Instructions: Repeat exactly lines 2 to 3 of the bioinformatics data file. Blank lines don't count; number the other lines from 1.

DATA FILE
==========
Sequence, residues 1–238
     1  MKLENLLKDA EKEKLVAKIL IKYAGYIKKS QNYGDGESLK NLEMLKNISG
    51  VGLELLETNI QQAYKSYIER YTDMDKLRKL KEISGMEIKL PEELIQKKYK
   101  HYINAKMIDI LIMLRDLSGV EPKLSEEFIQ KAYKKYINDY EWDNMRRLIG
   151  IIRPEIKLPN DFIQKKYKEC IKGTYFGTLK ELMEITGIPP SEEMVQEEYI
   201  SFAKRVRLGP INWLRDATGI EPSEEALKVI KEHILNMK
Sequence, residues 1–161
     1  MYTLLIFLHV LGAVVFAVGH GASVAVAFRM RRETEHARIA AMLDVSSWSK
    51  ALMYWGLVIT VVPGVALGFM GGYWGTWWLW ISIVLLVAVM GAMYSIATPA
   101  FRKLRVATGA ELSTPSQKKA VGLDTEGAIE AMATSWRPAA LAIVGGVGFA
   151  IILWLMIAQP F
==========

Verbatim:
     1  MKLENLLKDA EKEKLVAKIL IKYAGYIKKS QNYGDGESLK NLEMLKNISG
    51  VGLELLETNI QQAYKSYIER YTDMDKLRKL KEISGMEIKL PEELIQKKYK